# randi

Create codistributed array of uniformly distributed random integers

## Syntax

``X = randi(r,n)``
``X = randi(r,sz1,...,szN)``
``X = randi(r,sz)``
``X = randi(___,datatype)``
``X = randi(___,codist)``
``X = randi(___,codist,"noCommunication")``
``X = randi(___,"like",p)``

## Description

example

````X = randi(r,n)` creates an `n`-by-`n` codistributed matrix of uniformly distributed random integers in the range defined by `r`.If `r` is a scalar, the function creates random integers in the range `1` to `r`.If `r` is a vector, the function creates random integers in the range `r(1)` to `r(2)`.When you create the codistributed array in a communicating job or `spmd` block, the function creates an array on each worker. If you create a codistributed array outside of a communicating job or `spmd` block, the array is stored only on the worker or client that creates the codistributed array.By default, the codistributed array has the underlying type `double`. ```
````X = randi(r,sz1,...,szN)` creates an `sz1`-by-...-by-`szN` codistributed array of uniformly distributed random integers `1` to `imax`. `sz1,...,szN` indicates the size of each dimension.```
````X = randi(r,sz)` creates a codistributed array of uniformly distributed random integers where the size vector `sz` defines the size of `X`. For example, `randi(codistributed(5),codistributed([2 3]))` creates a 2-by-3 codistributed array of random integers between `1` and `5`.```
````X = randi(___,datatype)` creates a codistributed array of uniformly distributed random integers with the underlying type `datatype`. For example, `randi(codistributed(5),"int8")` creates a codistributed 8-bit random integer between `1` and `5`. You can use this syntax with any of the input arguments in the previous syntaxes.```
````X = randi(___,codist)` uses the codistributor object `codist` to create a codistributed array of uniformly distributed random integers.Specify the distribution of the array values across the memory of workers using the codistributor object `codist`. For more information about creating codistributors, see `codistributor1d` and `codistributor2dbc`.```
````X = randi(___,codist,"noCommunication")` creates a codistributed array of uniformly distributed random integers without using communication between workers. You can specify `codist` or `codist,"noCommunication"`, but not both. When you create very large arrays or your communicating job or `spmd` block uses many workers, worker-worker communication can slow down array creation. Use this syntax to improve the performance of your code by removing the time required for worker-worker communication. TipWhen you use this syntax, some error checking steps are skipped. Use this syntax to improve the performance of your code after you prototype your code without specifying `"noCommunication"`. ```
````X = randi(___,"like",p)` uses the array `p` to create a codistributed array of uniformly distributed random integers. You can specify `datatype` or `"like"`, but not both.The returned array `X` has the same underlying type, sparsity, and complexity (real or complex) as `p`.```

## Examples

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Create a 1000-by-1000 codistributed double matrix of `randi` values from 0 to 12, distributed by its second dimension (columns).

```spmd(4) C = randi([0 12],1000,'codistributed'); end```

With four workers, each worker contains a 1000-by-250 local piece of `C`.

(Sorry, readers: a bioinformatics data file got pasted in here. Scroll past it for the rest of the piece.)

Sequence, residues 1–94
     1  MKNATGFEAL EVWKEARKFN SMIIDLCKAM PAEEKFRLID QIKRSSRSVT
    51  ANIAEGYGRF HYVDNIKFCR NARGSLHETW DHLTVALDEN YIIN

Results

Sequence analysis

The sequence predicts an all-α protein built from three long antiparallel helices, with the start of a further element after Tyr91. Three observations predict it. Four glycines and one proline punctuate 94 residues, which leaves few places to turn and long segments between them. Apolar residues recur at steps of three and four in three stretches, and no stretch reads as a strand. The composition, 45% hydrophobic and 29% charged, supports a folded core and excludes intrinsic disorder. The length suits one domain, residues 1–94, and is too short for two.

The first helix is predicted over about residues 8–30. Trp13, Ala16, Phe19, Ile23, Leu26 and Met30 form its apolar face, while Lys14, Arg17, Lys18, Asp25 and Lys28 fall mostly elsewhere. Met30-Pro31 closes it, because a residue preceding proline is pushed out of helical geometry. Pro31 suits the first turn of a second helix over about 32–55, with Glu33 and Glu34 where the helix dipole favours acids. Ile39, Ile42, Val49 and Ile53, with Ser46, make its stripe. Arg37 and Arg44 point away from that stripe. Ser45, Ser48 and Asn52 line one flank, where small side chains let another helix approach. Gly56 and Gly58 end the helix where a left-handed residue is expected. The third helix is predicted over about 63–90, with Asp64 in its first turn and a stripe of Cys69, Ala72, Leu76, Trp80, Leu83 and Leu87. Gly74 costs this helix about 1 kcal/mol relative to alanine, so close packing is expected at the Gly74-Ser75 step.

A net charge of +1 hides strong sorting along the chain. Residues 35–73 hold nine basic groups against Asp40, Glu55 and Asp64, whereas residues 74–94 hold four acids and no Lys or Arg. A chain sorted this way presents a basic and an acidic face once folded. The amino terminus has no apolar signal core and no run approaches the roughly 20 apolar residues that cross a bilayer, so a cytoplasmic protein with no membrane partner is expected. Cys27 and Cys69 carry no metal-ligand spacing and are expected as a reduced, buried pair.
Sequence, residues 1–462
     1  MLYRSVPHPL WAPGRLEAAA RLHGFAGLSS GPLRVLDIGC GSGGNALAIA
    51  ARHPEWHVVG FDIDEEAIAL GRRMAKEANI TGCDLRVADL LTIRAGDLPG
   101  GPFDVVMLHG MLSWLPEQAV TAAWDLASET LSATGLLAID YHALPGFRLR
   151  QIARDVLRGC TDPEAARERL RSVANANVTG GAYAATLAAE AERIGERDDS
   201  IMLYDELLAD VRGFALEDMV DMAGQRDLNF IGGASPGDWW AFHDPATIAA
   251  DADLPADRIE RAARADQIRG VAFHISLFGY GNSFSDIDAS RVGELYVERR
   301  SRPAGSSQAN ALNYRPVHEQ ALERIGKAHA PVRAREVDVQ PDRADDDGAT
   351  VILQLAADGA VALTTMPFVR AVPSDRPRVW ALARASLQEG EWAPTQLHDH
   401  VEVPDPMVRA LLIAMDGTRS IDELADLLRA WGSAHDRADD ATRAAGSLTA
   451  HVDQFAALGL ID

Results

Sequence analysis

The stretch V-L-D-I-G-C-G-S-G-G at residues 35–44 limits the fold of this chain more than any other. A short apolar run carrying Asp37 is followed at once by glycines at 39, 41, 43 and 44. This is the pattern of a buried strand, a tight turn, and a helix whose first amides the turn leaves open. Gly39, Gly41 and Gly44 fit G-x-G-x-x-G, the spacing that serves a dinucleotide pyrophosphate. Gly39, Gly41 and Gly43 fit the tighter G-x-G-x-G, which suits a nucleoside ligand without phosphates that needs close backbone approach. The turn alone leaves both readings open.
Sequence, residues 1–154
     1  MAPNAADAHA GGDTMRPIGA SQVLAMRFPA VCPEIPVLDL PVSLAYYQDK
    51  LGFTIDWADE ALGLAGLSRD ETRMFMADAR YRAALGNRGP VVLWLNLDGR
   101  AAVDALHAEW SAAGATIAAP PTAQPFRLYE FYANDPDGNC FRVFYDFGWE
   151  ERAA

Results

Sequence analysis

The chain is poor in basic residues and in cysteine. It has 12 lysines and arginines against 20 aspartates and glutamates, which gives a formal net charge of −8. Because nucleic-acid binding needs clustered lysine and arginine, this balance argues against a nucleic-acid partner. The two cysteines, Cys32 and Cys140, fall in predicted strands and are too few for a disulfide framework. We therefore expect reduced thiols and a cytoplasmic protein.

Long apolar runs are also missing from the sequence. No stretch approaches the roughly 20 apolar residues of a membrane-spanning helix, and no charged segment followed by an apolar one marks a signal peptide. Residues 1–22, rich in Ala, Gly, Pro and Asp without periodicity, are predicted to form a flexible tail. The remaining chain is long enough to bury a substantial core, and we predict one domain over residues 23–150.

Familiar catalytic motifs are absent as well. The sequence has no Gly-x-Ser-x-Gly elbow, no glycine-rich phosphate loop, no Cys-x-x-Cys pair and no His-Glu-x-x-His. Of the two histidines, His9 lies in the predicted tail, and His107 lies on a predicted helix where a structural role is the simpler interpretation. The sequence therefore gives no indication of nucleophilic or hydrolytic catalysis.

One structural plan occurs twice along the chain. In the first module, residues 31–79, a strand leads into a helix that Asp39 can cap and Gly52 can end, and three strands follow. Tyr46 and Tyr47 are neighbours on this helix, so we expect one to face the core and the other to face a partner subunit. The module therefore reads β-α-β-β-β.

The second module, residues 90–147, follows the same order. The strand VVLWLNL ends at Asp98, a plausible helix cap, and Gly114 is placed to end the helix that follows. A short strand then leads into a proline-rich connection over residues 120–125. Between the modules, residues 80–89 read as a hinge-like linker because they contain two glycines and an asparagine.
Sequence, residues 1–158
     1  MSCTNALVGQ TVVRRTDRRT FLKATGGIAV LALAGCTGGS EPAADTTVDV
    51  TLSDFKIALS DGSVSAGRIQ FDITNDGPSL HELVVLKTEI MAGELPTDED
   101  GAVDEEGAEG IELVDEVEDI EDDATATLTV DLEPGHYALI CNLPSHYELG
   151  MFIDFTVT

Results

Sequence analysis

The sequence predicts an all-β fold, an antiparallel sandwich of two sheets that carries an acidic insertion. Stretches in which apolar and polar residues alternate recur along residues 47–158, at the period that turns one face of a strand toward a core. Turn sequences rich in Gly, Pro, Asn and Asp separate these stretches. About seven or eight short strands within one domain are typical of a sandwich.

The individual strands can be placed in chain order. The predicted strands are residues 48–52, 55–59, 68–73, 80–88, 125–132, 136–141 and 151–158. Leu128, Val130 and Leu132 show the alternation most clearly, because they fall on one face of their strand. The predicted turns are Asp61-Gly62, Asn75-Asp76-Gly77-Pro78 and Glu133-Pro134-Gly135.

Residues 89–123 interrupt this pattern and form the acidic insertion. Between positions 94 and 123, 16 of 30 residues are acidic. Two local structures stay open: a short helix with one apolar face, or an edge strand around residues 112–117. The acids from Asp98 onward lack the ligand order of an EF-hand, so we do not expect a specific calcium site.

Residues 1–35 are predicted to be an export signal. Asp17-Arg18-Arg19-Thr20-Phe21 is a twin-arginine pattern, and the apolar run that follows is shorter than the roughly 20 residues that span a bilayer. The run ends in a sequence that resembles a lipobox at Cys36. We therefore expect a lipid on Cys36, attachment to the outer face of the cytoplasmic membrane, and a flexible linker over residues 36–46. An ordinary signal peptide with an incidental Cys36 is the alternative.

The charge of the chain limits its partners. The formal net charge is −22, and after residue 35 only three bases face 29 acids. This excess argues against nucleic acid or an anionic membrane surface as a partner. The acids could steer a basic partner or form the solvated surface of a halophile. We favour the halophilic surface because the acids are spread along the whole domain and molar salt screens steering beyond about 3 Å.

Create a 1000-by-1000 codistributed `single` matrix of `randi` values from 1 to 4, distributed by its columns.

```spmd(4) codist = codistributor('1d',2,100*[1:numlabs]); C = randi(4,1000,1000,'single',codist); end```

Each worker contains a 100-by-`labindex` local piece of `C`.

## Input Arguments

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Range of output values, specified as a `codistributed` integer scalar or vector.

• If `r` is a scalar, the function creates random integers in the range `1` to `r`.

• If `r` is a vector, the function creates random integers in the range `r(1)` to `r(2)`.

Size of the square matrix, specified as a `codistributed` integer.

• If `n` is `0`, then `X` is an empty matrix.

• If `n` is negative, then the function treats it as `0`.

Size of each dimension, specified as separate arguments of `codistributed` integer values.

• If the size of any dimension is `0`, then `X` is an empty array.

• If the size of any dimension is negative, then the function treats it as `0`.

• Beyond the second dimension, the function ignores trailing dimensions with a size of `1`.

Size of each dimension, specified as a `codistributed` integer row vector. Each element of this vector indicates the size of the corresponding dimension:

• If the size of any dimension is `0`, then `X` is an empty array.

• If the size of any dimension is negative, then the function treats it as `0`.

• Beyond the second dimension, `randi` ignores trailing dimensions with a size of `1`. For example, `randi(codistributed([3 1 1 1]))` produces a 3-by-1 codistributed vector of uniformly distributed random integers.

Example: `sz = codistributed([2 3 4])` creates a 2-by-3-by-4 codistributed array.

Underlying data type of the returned array, specified as one of these options:

• `"double"`

• `"single"`

• `"logical"`

• `"int8"`

• `"uint8"`

• `"int16"`

• `"uint16"`

• `"int32"`

• `"uint32"`

• `"int64"`

• `"uint64"`

Codistributor, specified as a `codistributor1d` or `codistributor2dbc` object. For information on creating codistributors, see the reference pages for `codistributor1d` and `codistributor2dbc`. To use the default distribution scheme, you can specify a codistributor constructor without arguments.

Prototype of array to create, specified as a `codistributed` array.

### Topics

Introduced in R2014a

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